Germany narrowly avoids recession

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GDP figures released this morning show Germany has narrowly avoided slipping into recession.

GDP figures released this morning show Germany has narrowly avoided slipping into recession.

The Federal Statistical Office announced this morning that the economy had grown by 0.1% in the third quarter of 2019.

A recession is often defined as two consecutive quarters of declining economic activity.

The unexpected results were largely down to a rise in private and state consumer spending as well as a small rise in exports after a period of slowdown.

Around 50% of Germany’s GDP is export-based, making it one of the most export-reliant economies in the world and leaving it especially susceptible to global economic fluctuations.

A number of economists had expected a technical recession as the effects US-China trade war took their toll. China is a major purchaser of German-manufactured cars, it’s trade is widely seen as essential to the German automobile industry – more than 77% of cars produced in the country exported.

The results mean that Berlin, and indeed the wider Eurozone, avoid the dread label of recession, but it major economic challenges to Germany remain.

Josie Dent, a Senior Economist at The Centre for Economist and Business Research told Good Morning Europe that businesses and policymakers across Europe would be breathing a sigh of relief.

Manufacturing challenges

For such a big economy, those figures are very large.

They reflect the strength of the country’s manufacturing industry. Manufactured goods are more extensively traded than services.

The figures mean Germany has been very vulnerable to adverse winds in global commerce. But due to Germany’s position it also means the entire Eurozone is threatened.

The conflict between the US and China has affected the Chinese economy which is an important buyer of German vehicles and industrial equipment.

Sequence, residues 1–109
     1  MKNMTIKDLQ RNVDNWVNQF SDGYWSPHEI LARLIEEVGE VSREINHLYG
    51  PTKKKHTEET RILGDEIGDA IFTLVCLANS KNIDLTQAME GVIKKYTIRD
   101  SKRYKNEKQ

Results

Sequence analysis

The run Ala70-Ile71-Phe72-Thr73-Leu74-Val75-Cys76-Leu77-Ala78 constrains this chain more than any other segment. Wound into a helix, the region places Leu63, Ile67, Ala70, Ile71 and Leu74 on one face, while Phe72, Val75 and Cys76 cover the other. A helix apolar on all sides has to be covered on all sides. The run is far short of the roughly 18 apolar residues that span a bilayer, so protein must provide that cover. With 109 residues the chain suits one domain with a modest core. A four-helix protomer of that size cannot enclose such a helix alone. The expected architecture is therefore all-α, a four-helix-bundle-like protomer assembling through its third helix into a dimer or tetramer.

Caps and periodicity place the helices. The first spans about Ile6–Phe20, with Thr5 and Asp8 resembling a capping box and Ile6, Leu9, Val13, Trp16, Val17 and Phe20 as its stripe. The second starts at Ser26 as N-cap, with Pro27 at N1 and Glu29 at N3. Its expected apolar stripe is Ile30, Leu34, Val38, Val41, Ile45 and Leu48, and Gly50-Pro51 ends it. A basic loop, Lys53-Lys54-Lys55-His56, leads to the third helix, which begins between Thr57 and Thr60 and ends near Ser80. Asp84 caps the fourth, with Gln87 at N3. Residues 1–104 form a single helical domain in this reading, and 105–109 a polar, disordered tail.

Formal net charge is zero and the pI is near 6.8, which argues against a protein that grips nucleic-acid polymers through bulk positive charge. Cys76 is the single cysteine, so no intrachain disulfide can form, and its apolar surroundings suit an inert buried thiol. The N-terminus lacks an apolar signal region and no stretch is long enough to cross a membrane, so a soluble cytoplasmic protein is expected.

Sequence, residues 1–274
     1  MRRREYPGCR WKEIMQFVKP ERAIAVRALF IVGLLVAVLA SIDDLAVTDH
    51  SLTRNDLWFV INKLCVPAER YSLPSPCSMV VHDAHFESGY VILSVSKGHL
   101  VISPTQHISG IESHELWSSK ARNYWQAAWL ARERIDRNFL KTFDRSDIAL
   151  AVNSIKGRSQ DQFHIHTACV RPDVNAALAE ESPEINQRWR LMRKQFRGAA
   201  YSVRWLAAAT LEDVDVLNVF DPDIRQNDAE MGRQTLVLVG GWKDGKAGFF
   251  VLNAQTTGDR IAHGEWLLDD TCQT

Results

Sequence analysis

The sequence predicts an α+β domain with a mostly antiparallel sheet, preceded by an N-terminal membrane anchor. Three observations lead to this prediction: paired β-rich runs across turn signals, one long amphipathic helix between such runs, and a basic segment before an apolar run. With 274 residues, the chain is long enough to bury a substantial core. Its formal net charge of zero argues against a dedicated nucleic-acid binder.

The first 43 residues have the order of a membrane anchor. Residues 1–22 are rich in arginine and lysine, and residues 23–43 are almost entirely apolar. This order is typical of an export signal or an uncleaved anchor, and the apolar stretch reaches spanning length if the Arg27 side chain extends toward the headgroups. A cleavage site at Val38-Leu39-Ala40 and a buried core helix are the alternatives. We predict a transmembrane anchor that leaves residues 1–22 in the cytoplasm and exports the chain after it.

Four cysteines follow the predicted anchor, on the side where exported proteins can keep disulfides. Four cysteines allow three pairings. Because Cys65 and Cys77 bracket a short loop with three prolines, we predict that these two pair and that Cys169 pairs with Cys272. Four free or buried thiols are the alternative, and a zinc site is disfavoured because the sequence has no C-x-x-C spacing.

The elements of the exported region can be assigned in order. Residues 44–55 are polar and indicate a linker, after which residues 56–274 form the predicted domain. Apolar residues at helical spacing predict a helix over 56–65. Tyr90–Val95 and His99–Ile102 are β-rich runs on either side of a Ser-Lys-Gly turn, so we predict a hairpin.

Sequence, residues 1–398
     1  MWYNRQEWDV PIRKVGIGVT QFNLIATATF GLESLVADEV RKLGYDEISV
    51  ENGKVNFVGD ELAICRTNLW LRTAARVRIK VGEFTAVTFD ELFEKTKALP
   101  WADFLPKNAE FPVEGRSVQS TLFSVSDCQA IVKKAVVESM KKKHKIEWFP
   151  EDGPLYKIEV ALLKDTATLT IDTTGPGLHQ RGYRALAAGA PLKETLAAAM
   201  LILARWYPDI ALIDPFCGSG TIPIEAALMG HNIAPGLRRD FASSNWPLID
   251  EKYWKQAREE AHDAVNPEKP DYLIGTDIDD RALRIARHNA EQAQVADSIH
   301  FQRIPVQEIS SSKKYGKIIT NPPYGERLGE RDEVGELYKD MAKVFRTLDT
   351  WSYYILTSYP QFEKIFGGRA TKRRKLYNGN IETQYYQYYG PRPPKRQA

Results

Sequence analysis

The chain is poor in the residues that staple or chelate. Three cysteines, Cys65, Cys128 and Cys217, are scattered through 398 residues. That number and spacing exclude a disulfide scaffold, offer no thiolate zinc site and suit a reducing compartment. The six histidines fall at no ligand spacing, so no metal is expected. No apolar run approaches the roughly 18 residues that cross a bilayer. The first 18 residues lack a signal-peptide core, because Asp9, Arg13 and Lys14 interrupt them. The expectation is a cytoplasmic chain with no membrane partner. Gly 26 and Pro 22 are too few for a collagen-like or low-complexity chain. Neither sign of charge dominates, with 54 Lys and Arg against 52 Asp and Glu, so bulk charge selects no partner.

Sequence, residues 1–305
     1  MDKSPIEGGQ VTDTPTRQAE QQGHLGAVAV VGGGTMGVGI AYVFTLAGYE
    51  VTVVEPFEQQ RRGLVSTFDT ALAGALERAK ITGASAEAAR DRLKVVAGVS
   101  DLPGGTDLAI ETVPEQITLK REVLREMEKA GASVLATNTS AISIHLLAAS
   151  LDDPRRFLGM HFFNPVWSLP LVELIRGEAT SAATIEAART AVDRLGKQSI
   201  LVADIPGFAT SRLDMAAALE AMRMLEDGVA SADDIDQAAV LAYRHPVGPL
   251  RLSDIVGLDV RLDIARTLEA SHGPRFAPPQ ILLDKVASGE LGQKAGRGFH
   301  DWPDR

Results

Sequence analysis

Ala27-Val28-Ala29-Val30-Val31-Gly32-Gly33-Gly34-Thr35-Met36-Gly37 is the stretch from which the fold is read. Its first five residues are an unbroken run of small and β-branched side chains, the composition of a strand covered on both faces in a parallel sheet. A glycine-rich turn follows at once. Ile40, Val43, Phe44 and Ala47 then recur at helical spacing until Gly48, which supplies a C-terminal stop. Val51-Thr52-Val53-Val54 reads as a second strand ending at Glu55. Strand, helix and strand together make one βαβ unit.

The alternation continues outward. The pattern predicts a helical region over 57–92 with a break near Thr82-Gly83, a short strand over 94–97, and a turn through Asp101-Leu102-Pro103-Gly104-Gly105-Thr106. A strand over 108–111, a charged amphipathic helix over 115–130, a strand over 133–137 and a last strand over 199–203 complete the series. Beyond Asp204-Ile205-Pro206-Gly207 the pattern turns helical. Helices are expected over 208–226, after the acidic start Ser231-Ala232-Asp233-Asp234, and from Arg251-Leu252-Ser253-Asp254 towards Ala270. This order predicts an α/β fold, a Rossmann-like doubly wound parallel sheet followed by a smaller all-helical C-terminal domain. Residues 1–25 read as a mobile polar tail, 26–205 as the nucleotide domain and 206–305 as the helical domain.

China’s economic slowdown and trade tensions between the world’s top two economies have dampened German businesses’ spirits. Many German firms operating in China report a “gloomy” business outlook.

Nearly a quarter of German companies operating in China are planning to relocate all or part of their business out of the Asian country, according to a study released Tuesday by the German Chamber of Commerce in China.

The annual survey of 526 member firms in China found that 23% of them have either already decided to withdraw production capacity from the country or are considering it. A third of those companies have planned to leave China entirely.

The rest say they will transfer part of their business and production overseas, largely to lower-cost countries in Asia.

Operating costs in China have been rising as the country seeks to rebalance its economy from an export and investment-led model to one driven by services and consumer spending.

Of the 104 companies that have decided to leave or are considering doing so, 71% cite the rise in production costs — particularly for labor.

And more recently US tariffs in retaliation over the illegal EU subsidies to the European aircraft maker Airbus have targeted the four individual countries responsible for most of the financial support – Germany, along with the UK, France and Spain.

Car industry struggling. It is not all down to trade.

Germany’s motor industry has had a hard time with emissions issues. German car manufacturers Volkswagen, Daimler and BMW have been charged by the European Commission with colluding to block the rollout of clean emissions technology.

And now there are further issues with the need to adapt to new European Union rules on greenhouse gas emissions and the related challenge of making the transition to electric powered vehicles, which requires massive investment.

There is also a widely held view in Germany that the country needs a major investment programme to improve its infrastructure, in areas such as rail, bridges and broadband.

All that said it bears emphasising that Germany has one of the lowest unemployment rates on the planet at 3.1%. It has also seen the number of people with jobs continue to grow this year, although more slowly than in the recent past.

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